“If 50 people can hold a funeral together, why can’t 50 people worship the Lord together,” asks Bishop Malusi Mpumlwana, secretary general of the South African Council of Churches (SARK).
Pres. Cyril Ramaphosa said in his speech on Sunday night that he spoke to several religious leaders last week and that they agreed on “further discussions” to find a “workable solution”.
However, Mpumlwana says churches already had enough plans on level 4 to enable them to hold worship services again.
“There is a failure to see the role that churches play in society. Churches should not be classified with other social gatherings. ”
Ds. Cassie Aucamp, chair: Deputies of the Reformed Churches of South Africa (GKSA), pleaded in a statement on Monday.
“Worship services are currently prohibited in conjunction with sports, cultural and social events, while other events and activities that involve much greater risk are allowed on the basis of their necessity and economic output.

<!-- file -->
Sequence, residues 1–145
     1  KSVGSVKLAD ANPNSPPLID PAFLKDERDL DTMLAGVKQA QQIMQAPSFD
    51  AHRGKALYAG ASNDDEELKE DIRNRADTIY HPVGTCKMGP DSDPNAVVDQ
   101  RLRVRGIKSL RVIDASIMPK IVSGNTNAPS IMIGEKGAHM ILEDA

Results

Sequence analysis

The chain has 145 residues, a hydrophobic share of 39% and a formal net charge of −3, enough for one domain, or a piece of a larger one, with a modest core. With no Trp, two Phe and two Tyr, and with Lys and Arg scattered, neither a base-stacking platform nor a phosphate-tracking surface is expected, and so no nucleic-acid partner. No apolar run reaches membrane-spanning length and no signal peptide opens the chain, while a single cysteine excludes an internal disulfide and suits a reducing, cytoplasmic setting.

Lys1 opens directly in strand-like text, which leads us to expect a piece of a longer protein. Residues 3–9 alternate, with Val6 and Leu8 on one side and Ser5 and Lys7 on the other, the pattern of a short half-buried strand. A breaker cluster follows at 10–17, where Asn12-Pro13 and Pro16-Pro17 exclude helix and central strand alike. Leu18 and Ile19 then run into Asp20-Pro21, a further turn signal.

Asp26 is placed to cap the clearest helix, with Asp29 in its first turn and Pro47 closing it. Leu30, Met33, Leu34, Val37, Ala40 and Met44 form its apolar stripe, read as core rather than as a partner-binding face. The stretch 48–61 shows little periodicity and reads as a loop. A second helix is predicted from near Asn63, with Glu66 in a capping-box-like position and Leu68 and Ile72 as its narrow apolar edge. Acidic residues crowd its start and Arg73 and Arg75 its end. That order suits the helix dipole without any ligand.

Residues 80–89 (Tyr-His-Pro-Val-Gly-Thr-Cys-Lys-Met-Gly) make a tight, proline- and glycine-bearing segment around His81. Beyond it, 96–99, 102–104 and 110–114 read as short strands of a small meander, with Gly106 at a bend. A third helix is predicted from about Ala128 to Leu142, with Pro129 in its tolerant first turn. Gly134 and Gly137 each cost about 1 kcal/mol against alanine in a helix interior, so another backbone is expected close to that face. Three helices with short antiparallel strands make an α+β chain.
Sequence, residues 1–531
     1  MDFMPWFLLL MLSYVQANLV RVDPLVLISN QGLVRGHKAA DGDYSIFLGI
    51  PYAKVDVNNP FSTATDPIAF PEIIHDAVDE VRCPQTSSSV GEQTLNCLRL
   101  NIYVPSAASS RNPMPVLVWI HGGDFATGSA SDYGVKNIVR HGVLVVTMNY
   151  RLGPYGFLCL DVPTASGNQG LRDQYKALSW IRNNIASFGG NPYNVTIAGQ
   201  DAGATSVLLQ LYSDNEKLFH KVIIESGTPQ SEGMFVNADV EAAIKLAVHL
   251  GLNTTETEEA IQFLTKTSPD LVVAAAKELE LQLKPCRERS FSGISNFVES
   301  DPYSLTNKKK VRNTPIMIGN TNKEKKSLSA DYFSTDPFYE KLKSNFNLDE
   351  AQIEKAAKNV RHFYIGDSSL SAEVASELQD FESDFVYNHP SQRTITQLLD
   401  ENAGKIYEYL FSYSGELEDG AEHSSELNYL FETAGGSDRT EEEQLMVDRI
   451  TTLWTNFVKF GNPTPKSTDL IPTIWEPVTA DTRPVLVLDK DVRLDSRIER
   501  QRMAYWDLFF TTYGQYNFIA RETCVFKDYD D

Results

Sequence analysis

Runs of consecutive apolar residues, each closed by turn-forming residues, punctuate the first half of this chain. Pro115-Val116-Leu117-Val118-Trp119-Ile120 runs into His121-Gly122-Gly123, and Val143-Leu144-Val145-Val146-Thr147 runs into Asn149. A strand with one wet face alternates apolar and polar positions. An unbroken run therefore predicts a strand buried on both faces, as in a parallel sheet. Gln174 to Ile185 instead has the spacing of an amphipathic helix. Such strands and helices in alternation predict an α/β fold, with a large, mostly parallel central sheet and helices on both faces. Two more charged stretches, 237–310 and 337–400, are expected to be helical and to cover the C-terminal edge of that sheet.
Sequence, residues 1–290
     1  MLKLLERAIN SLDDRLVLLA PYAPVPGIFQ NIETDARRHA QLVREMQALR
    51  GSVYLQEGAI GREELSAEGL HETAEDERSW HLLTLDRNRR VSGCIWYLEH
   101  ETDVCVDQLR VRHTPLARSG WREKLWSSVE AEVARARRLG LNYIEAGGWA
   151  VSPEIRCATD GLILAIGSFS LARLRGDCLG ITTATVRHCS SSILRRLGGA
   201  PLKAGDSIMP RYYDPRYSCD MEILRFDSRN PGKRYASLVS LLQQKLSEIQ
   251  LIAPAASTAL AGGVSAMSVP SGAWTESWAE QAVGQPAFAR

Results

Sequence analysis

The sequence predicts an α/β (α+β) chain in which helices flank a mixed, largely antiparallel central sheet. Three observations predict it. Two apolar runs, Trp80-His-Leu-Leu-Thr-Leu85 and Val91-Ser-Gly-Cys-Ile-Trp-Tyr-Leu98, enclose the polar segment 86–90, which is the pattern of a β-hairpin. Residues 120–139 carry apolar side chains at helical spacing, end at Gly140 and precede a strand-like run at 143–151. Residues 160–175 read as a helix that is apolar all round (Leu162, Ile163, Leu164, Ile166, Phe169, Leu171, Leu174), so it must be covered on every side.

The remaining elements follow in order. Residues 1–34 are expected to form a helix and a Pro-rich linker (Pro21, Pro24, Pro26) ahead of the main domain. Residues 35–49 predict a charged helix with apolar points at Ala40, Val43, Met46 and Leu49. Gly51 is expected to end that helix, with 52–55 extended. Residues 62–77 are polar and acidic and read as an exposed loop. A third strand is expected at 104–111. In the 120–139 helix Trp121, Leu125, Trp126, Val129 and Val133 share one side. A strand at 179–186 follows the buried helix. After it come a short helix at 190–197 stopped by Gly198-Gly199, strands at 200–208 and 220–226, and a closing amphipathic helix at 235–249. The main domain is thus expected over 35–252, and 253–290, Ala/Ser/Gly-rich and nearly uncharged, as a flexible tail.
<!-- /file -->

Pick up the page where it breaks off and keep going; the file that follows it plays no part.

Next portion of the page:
We call on the government to truly recognize the need for worship and the preaching of the Word.
Churches may not contribute to the Gross Domestic Product (GDP) to the same extent as mines and industries, but to the Gross Domestic Morale (GDP) of our people, which is indispensable in a time of crisis like the one we currently experiencing, ”the statement reads.
Dr. Wouter van Wyk, secretary: commission of the general church meeting of the NHKA (Reformed Church), made a plea that marriage ceremonies are also allowed under the same rules as funerals.
“The essence of the church involves more than just preaching the Word, but includes celebration, fellowship, testimony and service. We therefore advocate that small gatherings of no more than 50 people are allowed. ”
Dr. Gustav Claassen, general secretary of the Dutch Reformed Church, says they are waiting patiently for the Government Gazette .
“Worship services can still be allowed even if the president did not talk about it on Sunday. The regulations may say something different. “
Dr. Henri Weideman, general secretary of the AFM, says they are currently giving the president “a fair chance to respond as agreed”.